He added: “NHS Tayside and partner organisations have been reviewing our crisis care and home treatment centres and working to develop a Psychiatric Emergency Plan.
“It should however be recognised that a key aspect of suicide prevention is the opportunity for people in despair to talk about their problems, whether this is to a work colleague, a friend or family member, or to a volunteer from Samaritans.
“The Independent Inquiry report will guide our further work on suicide prevention and other improvements we wish to progress.”
Scottish Labour health spokesperson Monica Lennon said opportunities for health and care services to refer people for mental health treatment “cannot be allowed to be missed”.
She added: “Reducing mental health stigma needs our collective efforts, proper funding for health and social services, and joined up working so that there is no wrong door.”
Responding to the report, mental health minister Claire Haughey said £3 million of funding was supporting the Scottish Government’s existing Suicide Prevention Action Plan.
Ms Haughey noted: “This report represents a significant contribution to the growing evidence base around suicide in Scotland which will inform current and future policy and activity.”
Support is available by calling Samaritans free 24 hours a day on 116 123. If you prefer to write down how you’re feeling, you can email email@example.com.
The parents of two young men who committed suicide after perceived failures of care by medical staff in Tayside have said they hope the deaths of their sons will not be in vain.
Dale Thomson took his own life in 2015 after spending time in Dundee’s heavily-criticised Carseview Centre, used to house and treat patients with mental health problems.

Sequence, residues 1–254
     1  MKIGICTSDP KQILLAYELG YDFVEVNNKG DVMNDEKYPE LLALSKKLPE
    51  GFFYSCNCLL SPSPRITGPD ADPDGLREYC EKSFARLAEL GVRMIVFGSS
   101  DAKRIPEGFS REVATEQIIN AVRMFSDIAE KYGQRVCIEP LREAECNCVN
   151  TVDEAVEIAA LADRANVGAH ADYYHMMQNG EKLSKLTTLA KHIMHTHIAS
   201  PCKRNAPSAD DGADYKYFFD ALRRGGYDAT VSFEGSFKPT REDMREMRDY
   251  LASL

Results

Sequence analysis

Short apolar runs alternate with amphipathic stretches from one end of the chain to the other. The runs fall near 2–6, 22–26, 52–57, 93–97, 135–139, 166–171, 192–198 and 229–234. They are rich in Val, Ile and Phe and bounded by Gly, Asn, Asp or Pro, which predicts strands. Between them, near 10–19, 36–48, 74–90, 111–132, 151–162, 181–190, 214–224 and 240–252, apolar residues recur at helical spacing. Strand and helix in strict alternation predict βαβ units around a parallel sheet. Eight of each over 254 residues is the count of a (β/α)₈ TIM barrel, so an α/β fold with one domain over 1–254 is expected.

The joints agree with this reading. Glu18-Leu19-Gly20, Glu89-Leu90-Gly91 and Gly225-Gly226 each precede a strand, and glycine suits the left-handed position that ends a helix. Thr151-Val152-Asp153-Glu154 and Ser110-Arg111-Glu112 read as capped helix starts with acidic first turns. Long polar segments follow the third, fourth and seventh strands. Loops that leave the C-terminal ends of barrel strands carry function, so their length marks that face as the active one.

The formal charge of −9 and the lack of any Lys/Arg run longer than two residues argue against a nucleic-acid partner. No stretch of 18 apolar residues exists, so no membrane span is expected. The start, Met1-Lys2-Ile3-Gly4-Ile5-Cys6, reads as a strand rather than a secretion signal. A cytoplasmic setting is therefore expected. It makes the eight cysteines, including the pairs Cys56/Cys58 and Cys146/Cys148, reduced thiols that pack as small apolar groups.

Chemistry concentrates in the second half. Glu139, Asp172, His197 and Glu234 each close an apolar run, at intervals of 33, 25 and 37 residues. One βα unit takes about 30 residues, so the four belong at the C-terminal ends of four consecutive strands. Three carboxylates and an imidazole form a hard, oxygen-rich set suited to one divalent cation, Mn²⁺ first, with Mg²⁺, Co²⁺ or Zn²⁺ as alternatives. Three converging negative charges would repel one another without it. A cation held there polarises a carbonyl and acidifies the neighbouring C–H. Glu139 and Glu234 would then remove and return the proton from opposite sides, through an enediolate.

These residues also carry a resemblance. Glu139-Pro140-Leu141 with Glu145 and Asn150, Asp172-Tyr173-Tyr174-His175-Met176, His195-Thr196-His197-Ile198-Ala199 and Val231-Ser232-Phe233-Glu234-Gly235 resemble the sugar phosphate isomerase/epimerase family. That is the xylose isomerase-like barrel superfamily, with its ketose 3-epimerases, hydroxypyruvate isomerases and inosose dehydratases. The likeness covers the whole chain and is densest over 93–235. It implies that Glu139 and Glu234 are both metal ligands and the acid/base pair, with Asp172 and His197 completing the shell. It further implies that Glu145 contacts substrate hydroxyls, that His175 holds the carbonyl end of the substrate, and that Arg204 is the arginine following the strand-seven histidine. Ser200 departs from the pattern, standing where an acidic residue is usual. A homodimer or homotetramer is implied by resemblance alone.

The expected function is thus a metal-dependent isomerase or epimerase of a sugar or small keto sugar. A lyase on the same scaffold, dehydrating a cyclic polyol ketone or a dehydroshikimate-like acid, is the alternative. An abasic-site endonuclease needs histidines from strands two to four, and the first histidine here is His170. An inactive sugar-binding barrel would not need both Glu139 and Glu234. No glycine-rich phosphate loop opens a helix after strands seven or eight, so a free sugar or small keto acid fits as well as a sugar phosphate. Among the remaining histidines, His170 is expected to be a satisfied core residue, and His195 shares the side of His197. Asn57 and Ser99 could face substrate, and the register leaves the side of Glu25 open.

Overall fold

Dale’s heartbroken mum Mandy McLaren, a vocal critic of the health board and a campaigner for better mental health provision in Dundee, claims NHS Tayside “killed her son” and said she will “never forgive” the board and staff for the treatment Dale received.
She sat down for an interview with Tele, joined by Phil Welsh and Lesley Nicoll, who are also from Dundee.
Their son Lee Welsh took his own life in August 2017 after what the couple say were failings by his GP.
In 2016, while saying she could not comment on specific cases, the then-health minister at Holyrood, Shona Robison, apologised for any care which fell below the expected standard.
Ms Robison, who was replaced in the role by Jeane Freeman in June 2018, said: “If a service or part of the health service doesn’t meet the standards it should meet, then of course I would apologise to their family — whether that’s in mental health services or any other service.
“Obviously I can’t comment on individual cases to any great extent, because I’m not party to the full clinical information.
“Most of the time, our services are of a very good quality – sometimes services do fall short of where they should be.”
Mandy, however, said at the time the apology was “too little, too late” and should have been made to her personally.
Phil received an apology from the NHS after what was described as a “callous” response to Lee taking his own life.
Phil said he and Lesley were “disgusted” with the Dundee Health and Social Care Partnership’s statement in the wake of Lee’s death.
They later received a personal apology from then-chief executive of NHS Tayside, Lesley McLay.
The website aims to share stories relating to mental health issues which can be shared with politicians, charities, and other people, in the hope that “funding and a fresh approach to the subject of mental health will finally be discussed and implemented”.